It is probably no exaggeration to say that the upcoming US election is the most important vote in the best part of a century.
Not since the end of World War II has America been so broken and divided. It is a nation crippled by disease and dysfunction. Its piecemeal and inequitable health system has been overwhelmed, its once roaring economy has been driven into the ground and even its police forces may not survive the rage of the Black Lives Matter movement.
And all of this is happening not at a time when the US is the world's unassailable superpower but at a time when a larger and largely unfathomable power lies in wait across the Pacific Ocean.
It is therefore sobering that the race to lead this beleaguered great nation out of the quagmire is between two doddery old men whose mental faculties are under serious and justifiable doubt: One who is swamped by reams of hysterical praise just for successfully reading an autocue and another who couldn't stick to a script if his life depended on it.
Joe Biden had two two-term presidents endorse him this week, not to mention a cavalcade of his rivals for the Democratic nomination and a Republican Secretary of State. Indeed, the list of noteworthy notables lining up behind him is unprecedented – it even has its own Wikipedia page.
Say what you like about Donald Trump, he has clearly been a great unifier of the political establishment. The only problem is that he has unified it against him.
But whether that is actually a problem for the man himself remains to be seen. It has always been clear that the who's who of Washington despise him but for Trump and his supporters the feeling is more than mutual. Having high-powered people line up against him only plays into his bizarre persona that despite being a billionaire property mogul born into money he is in fact a man of the people.
Trump relished his underdog status in 2016 and it propelled him to victory against all the expectations of a complacent press and political class, and almost certainly to the great surprise of Trump himself. Why the Democratic Party would want to box him into that corner again is a question only they can answer.
However, there are some signs they have learned from the unforgivable mistakes of four years ago. While Hollywood Hillary was cavorting with Beyonce and lampooning "the basket of deplorables" at swanky New York fundraisers – the speech that almost certainly cost her the job – Biden has been mercifully confined to his home. No other presidential candidate could ever have benefited so much from self-isolation.
The irony is that it's from there his team have been able to project his aura of the common touch. Biden's greatest strengths aren't Bill Clinton or Barack Obama – they're the New York security guard and the Detroit auto worker.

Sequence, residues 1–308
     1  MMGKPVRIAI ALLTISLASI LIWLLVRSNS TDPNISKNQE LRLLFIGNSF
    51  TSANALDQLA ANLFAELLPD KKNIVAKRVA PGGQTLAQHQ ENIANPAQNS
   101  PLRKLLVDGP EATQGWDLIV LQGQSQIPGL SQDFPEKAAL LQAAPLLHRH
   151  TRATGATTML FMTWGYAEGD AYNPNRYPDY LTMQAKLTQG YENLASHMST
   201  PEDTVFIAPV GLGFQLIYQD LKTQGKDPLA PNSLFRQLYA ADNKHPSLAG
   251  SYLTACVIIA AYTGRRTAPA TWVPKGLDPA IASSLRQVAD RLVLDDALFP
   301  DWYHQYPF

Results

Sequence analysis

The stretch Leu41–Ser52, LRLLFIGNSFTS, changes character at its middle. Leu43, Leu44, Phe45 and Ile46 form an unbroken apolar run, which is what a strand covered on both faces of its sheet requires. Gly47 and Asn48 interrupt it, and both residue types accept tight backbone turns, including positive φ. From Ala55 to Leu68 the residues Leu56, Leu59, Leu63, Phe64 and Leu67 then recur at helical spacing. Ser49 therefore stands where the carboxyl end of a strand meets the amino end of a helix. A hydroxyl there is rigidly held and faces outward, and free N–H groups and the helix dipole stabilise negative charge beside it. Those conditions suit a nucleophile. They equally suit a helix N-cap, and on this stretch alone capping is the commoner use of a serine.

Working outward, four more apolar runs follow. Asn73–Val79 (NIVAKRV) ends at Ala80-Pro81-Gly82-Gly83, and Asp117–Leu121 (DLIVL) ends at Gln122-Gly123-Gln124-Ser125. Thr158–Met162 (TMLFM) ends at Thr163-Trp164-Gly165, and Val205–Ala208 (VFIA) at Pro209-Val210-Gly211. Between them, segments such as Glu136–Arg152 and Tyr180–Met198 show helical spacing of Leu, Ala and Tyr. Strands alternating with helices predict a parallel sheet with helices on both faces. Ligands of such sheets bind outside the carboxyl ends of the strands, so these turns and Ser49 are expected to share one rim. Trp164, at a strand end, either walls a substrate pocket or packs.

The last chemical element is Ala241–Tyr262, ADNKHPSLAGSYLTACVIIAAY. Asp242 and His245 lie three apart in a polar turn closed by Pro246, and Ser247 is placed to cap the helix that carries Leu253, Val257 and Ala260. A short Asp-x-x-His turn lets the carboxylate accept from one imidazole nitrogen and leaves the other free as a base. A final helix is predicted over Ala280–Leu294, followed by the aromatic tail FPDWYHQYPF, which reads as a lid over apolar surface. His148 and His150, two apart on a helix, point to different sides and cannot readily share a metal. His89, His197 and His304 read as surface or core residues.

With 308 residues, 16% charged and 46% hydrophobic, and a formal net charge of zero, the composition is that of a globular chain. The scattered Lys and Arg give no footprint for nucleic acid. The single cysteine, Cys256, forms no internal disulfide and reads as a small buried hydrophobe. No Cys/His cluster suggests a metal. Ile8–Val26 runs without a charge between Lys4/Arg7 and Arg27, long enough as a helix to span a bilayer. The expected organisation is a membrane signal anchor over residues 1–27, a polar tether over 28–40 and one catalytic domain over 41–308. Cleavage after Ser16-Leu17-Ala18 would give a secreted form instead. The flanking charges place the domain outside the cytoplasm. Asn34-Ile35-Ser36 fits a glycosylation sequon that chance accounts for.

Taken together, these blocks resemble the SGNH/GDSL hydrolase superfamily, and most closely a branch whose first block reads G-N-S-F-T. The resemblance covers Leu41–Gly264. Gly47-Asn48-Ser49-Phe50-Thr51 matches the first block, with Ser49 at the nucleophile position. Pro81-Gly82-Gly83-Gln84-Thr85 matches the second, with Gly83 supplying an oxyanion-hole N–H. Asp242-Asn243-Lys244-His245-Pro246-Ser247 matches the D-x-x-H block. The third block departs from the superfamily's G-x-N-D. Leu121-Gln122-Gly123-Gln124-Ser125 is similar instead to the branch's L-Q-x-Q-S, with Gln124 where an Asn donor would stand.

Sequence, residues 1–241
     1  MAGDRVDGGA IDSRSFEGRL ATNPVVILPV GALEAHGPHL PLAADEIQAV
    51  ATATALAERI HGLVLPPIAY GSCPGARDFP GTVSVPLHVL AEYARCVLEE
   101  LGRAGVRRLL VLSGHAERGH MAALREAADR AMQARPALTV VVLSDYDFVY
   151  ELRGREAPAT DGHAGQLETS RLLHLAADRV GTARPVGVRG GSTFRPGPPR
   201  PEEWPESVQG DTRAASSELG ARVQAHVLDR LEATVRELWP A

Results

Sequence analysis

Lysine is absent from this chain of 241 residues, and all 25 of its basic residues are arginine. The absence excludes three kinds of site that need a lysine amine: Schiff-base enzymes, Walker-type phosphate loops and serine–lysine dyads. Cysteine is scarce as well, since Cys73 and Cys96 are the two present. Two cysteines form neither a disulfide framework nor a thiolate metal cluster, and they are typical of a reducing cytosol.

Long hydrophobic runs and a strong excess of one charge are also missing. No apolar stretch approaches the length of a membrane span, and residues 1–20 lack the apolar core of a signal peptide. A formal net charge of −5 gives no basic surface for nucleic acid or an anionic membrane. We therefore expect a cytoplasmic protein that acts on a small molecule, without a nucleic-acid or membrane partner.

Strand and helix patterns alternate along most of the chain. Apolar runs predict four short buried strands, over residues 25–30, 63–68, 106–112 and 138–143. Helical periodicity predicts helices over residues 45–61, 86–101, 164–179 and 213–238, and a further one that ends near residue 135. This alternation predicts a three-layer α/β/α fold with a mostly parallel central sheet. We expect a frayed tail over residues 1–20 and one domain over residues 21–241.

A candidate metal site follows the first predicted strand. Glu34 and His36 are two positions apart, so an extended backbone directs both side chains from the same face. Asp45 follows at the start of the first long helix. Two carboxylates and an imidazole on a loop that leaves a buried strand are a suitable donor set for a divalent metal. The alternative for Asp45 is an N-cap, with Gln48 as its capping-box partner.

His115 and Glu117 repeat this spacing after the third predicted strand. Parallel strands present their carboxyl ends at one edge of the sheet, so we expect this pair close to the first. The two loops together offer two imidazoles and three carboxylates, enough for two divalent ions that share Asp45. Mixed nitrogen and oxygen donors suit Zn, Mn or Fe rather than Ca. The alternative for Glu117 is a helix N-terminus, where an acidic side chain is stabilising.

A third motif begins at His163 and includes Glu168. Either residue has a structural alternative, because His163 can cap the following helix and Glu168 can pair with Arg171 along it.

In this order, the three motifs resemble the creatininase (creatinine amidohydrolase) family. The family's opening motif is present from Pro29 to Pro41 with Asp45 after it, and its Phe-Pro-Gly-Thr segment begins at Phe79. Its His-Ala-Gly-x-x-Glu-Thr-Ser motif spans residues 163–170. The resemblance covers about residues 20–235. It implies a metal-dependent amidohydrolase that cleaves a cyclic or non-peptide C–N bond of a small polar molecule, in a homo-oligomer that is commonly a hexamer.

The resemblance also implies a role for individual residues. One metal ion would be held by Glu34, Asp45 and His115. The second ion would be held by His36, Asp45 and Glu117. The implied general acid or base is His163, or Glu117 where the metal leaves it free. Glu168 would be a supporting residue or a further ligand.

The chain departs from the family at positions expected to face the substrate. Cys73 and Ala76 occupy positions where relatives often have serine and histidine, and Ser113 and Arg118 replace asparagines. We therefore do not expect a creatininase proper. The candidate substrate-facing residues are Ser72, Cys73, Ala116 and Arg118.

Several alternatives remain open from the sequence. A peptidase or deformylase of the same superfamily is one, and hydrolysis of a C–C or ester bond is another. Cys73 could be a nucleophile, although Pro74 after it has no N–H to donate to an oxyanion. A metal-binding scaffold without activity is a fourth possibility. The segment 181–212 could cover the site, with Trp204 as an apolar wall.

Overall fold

In short, they are people the Democrats forgot and the ones who Biden – despite his infamous memory loss – never struggles to remember.
This is without doubt the best thing about Biden and the quality that will carry him to the White House. While much has been made about his far more dynamic and articulate running mate Kamala Harris, one wonders just how much she actually resonates with the working Americans the Democrats need to take back from Trump.
US polls are obviously many and varied but a major one by CNN just after Biden announced Harris as his Vice President in waiting found his lead actually narrowed to just four points – 50 to 46 per cent – at the top end of the margin of error.
We all know how wrong and ropey the polls were in 2016 but let's not forget that back then – as with Brexit and the 2019 Australian election – they were wrong in favour of the left, not the right. And CNN is hardly a pro-Trump propaganda unit.
So what is happening? Partly, I suspect, it is the disconnect between the Democrats' vocal activist wing and its traditional working-class voters.
It is a matter of public record that Biden felt compelled to announce he would select a female running mate and was almost immediately subsequently pressured to make it a black female running mate. This was seen as critical to offset the optics of yet another old white guy running for president on a progressive ticket.
That is all well and good for the commentariat but it is far from clear how it will resonate with the electorate. Fairly or not, I would guess that there is a substantial bloc of middle American voters who believe that such box-ticking exercises are more about the advancement of ambitious politicians than the advancement of their own working lives.
Again it is impossible not to draw parallels with the disastrous "I'm With Her" campaign of Hillary Clinton, which demanded that voters fulfil her dreams without offering much of an explanation as to how she would fulfil theirs.
Perhaps Harris will attract voters based on race or racial struggle or perhaps she has some popular pull in the swing states that has so far gone undetected. She was without question a great debater and strong fundraiser but failed to win a single delegate to the Democratic Convention.
And she clearly has very passionate supporters within the party, but passionate votes count no more than tepid ones on polling day.
Meanwhile, Donald Trump's campaign has all the focus and fervour of a dancing Santa. No longer the outsider, he cannot claim to be draining the swamp he now presides over or upturning the apple cart he now rides on. It's hard to run an anti-establishment crusade when you are the establishment.
But the most interesting person in the race isn't Trump or Biden or Harris. It's the middle American voter who broke the US's greatest racial barrier when they voted for Obama in 2008 and again in 2012 only to be dismissed as racist when they turned to Trump in 2016.
The candidate who wins over that voter won't need any other endorsement at all.